From 1980 to 1990, approximately 17,000 service members were separated from the US military based on their sexual orientation (Burks, 2011; Jones & Koshes, 1995), sometimes with less than honorable discharges. Discharges that are not designated as honorable can have detrimental implications on the lives of the members who receive them. Service members who receive undesirable discharges are often denied subsequent Veterans Affairs (VA) benefits, including health care coverage, disability compensation, and educational benefits such as the GI bill. In addition, other than honorable discharges can make it very difficult to find employment in the civilian workforce.

1993: DADT

In contrast to DoD directive 1332.14 (Department of Defense, 1982), a substantial amount of subsequent research in militaries throughout the world provided no evidence that combat missions are negatively affected or that unit cohesion declines when LGB individuals serve openly (Herek & Belkin, 2005; Johnson & Buhrke, 2006). As a result of these findings and the burgeoning of a more inclusive environment, the federal government enacted the DADT policy in 1993. DADT allowed LGB individuals to serve in the military as long as they did not disclose (p. 47) their sexual orientation and there was no evidence of homosexual activities or behaviors. Under DADT, superiors were disallowed from investigating a service member’s sexual orientation unless there was credible evidence of homosexual behavior. DADT also prohibited military personnel from discriminating against or harassing LGB service members. Homosexual activity was still prohibited in the DADT policy, and service members were subject to involuntary separation from the armed forces if they were identified as homosexual.

Although DADT did allow for LGB persons to serve in the military, according to Johnson et al. (2015), “the message regarding sexual orientation was clear: Stay in the closet or face discharge” (p. 109). Under DADT, thousands of LGB service members were forced to continue to keep their sexual orientation a secret and risked being discharged if their sexual orientation was disclosed. Due to the inability to directly ask service members about their sexual orientation, questionable tactics continued to be employed to identify gay service members (“Progress where you might least expect it,” 2014). Burks (2011) explains that although DADT was intended to be more inclusionary and implemented as an effort to end discrimination on the basis of sexual orientation, “it likely resulted in a more covert but nonetheless equally discriminatory policy” (p. 605).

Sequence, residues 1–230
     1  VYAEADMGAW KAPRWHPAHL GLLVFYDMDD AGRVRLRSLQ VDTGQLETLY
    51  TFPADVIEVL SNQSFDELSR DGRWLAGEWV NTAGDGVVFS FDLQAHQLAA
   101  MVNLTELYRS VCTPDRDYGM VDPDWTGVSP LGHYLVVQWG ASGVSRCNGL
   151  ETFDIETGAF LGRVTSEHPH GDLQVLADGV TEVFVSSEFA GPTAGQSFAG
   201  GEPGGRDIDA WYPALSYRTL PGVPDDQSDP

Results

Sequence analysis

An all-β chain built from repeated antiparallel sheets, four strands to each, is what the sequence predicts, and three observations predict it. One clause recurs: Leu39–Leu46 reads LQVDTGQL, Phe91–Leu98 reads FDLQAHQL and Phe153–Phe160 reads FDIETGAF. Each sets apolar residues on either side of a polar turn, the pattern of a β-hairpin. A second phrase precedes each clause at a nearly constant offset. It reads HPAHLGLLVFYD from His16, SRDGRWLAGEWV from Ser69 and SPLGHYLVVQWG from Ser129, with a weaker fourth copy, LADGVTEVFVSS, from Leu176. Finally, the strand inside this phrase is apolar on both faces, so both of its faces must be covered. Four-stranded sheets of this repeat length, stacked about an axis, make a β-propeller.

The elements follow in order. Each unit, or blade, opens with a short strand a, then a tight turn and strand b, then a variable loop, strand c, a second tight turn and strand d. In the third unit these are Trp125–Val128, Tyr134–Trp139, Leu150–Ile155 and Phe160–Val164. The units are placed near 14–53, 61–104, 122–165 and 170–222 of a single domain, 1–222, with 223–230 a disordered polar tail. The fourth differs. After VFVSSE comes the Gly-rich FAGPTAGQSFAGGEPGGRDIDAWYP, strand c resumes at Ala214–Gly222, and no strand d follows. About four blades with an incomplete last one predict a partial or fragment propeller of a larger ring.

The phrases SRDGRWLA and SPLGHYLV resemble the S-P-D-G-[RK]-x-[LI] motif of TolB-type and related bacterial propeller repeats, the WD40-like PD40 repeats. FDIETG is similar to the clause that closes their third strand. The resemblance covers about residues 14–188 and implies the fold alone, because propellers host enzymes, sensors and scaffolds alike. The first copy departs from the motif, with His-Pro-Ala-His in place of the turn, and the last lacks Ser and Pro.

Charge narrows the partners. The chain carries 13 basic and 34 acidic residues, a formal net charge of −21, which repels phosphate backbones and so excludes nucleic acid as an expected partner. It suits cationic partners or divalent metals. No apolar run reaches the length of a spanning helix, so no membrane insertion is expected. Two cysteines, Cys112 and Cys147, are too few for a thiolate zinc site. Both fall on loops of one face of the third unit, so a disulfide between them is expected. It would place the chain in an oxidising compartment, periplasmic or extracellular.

Between 1993 and 2009 (when DADT was in effect), 13,000 service members who served honorably were discharged against their will on the basis of their sexual orientation (Burks, 2011). Although DADT was implemented to protect LGB service members, LGB service members continued to be discharged from the military. LGB service members in the DADT era experienced intense social and personal stress, isolation, discrimination in employment, harassment, and distrust in the military (Johnson et al., 2015). Serving in the US military during DADT as an LGB service member meant that one had to be on guard, vigilant about what information one shared and in constant fear about being exposed. Working in an environment in which one had to keep secrets in order to not jeopardize one’s career and in which one could not benefit from the same support and services afforded to one’s heterosexual peers took a serious toll. The psychological health and well-being of LGB individuals serving in the military during DADT were negatively impacted by heterosexist societal attitudes, internalized homophobia, stigma, victimization, and concealment of LGB identity (Burks, 2011; Meyer, 1995; Moradi, 2006, 2009; RAND, 2010).